It’s probably the “what if” aspect of it. Whether you believe or not in real life, in the pages of a novel you can ask yourself: What if it were true? What would happen then? What would the characters do, how would they react? Ghosts are also a manifestation of the past, which we’re always fascinated with, and they’re an idea of what happens after death, which humans have always wanted to know.
Why did you decide to use the plot device of balancing the past with a current-day crime plot? Did one story take precedence for you?
Using both time periods let me explore more than one aspect of the central tragedy of the book: how it unfolds at the time and the effect it continues to have through the years. Grief is one of the themes of the book, and grief is something that continues and changes with time. And it allowed me to show the haunting through generations of girls at Idlewild. Neither took precedence for me—I was equally invested in both.
Were you a fan of ghost stories while growing up? Which ghost “legacies” motivated you?
I’ve always loved ghost stories. I read Stephen King from an early age, and I have several volumes of classic Victorian and early 20th-century ghost stories. I’ve read Dracula countless times. You can’t possibly write a certain kind of book if you don’t enjoy reading it!
What kinds of background information did you seek in order to write this story?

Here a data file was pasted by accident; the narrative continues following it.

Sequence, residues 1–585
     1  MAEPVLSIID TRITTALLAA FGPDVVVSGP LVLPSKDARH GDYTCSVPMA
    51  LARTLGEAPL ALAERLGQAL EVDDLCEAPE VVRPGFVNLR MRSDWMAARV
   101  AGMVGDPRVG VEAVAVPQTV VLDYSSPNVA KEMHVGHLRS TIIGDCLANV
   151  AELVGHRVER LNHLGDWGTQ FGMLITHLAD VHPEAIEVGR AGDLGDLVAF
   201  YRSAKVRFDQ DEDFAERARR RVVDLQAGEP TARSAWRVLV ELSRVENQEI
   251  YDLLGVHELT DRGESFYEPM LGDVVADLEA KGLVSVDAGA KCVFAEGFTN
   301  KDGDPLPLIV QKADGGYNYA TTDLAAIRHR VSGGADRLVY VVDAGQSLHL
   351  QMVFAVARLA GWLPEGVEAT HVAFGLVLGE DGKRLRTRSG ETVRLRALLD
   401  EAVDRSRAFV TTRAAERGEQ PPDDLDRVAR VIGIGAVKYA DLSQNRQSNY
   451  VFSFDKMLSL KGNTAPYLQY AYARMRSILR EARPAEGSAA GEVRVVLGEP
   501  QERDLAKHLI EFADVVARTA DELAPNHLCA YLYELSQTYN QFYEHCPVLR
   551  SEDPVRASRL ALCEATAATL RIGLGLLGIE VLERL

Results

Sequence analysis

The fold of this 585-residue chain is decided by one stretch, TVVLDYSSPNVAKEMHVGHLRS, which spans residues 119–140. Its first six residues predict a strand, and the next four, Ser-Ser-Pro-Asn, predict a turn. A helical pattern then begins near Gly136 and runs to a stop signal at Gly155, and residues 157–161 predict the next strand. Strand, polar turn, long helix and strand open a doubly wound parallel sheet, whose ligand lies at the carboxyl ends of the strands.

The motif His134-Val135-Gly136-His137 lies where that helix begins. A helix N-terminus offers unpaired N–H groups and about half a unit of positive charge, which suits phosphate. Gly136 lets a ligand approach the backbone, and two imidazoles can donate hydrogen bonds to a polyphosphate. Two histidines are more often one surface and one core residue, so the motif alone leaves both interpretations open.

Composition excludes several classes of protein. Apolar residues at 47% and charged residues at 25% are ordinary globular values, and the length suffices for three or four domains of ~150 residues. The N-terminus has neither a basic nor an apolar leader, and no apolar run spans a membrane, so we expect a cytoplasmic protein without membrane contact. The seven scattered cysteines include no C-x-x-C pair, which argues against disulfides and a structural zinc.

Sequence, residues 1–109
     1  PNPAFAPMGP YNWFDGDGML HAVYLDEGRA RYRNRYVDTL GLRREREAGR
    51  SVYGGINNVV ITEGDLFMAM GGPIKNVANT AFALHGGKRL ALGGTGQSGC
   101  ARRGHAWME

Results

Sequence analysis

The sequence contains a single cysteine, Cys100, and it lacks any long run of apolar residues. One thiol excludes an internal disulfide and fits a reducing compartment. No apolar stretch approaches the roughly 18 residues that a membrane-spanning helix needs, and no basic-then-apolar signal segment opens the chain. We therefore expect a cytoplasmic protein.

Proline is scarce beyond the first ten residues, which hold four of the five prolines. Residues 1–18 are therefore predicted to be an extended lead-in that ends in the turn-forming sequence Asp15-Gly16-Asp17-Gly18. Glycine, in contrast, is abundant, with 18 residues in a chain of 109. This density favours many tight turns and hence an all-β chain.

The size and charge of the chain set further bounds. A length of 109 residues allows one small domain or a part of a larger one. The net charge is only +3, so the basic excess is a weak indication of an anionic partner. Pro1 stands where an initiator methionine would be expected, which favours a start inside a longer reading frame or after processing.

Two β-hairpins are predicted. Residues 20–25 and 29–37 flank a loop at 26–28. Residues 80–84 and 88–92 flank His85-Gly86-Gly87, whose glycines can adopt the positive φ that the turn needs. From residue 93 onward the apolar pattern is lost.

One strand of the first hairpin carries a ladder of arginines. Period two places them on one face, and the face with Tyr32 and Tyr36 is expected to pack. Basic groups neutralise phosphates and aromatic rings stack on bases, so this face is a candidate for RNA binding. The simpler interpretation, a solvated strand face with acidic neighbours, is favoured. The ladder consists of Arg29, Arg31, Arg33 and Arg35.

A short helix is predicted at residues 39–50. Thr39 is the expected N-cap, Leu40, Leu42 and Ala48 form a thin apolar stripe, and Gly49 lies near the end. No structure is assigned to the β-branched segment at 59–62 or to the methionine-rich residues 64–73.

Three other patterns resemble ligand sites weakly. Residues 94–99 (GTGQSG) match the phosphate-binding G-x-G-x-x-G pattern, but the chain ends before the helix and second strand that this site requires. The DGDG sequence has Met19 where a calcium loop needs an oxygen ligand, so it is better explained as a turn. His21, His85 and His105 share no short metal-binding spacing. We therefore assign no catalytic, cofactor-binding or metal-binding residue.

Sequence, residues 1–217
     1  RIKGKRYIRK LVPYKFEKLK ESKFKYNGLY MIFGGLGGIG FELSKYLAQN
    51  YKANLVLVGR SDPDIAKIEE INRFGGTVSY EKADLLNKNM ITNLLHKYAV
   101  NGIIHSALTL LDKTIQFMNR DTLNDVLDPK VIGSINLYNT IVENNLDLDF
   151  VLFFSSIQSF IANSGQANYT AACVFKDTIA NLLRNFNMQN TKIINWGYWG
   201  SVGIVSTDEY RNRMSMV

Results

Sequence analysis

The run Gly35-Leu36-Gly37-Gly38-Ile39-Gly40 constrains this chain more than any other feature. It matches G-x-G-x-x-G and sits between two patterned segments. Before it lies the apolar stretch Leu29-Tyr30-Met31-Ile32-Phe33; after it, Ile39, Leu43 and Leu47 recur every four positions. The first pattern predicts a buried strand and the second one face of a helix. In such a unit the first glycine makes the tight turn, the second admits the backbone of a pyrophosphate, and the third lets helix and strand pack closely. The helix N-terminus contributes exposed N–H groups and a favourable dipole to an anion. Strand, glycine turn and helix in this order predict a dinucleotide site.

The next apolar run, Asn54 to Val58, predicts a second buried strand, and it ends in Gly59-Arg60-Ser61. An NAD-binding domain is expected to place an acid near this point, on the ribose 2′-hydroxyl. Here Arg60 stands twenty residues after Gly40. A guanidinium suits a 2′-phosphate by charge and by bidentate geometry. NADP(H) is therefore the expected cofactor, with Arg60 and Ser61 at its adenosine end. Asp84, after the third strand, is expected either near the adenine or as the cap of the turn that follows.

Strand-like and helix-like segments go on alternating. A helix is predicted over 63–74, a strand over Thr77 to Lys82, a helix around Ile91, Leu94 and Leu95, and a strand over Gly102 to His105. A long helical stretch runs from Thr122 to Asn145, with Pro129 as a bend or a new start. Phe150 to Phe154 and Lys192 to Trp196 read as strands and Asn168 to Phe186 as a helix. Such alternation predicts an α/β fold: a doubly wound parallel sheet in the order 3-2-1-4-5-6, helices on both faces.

I had to do research to make sure the 1950s era was accurate. I also had to do some World War II research that I won’t give away to avoid spoilers. That part was intense and often upsetting, and as most writers do, I learned much more than I actually put in the book. Trying to pick the most relevant facts is one of the skills of a writer.
The four teenage friends at Idlewild have very distinct personalities in terms of their impact on the story action. Did you have a favorite among them?
I didn’t; I loved writing all of them. Katie was the easiest to write, because her personality was the strongest, but I was rooting for each girl even as I wrote their chapters. I saw them very clearly as I wrote.
Fear seems to be a major factor in The Broken Girls. Did you set out to make fear serve as the main motivation for nearly all the characters in the book?
Fear is one of the themes of every book I write, and what makes me return to ghost stories. Fear is a universal emotion that has been with humankind since the very beginning, and it’s one we don’t often explore. We have lots of different fears in our lives, and not just of the supernatural. Fiction can help us navigate fear, the same way it helps us navigate love and grief and anger and sadness. At least, it does for me.
At what point in your life did you first decide that you wanted to become a writer?
I’ve written all my life; it’s just something I’ve always done, usually to amuse myself. Once I decided to get serious about it, I wrote three whole novels that were rejected everywhere and will live in a drawer forever before I wrote what would become my first published book. I spent years and years getting nothing but rejections as I wrote in all of my spare time. The experience toughened me up, and I learned to write no matter what negative things were happening around me.
Photo credit Adam Hunter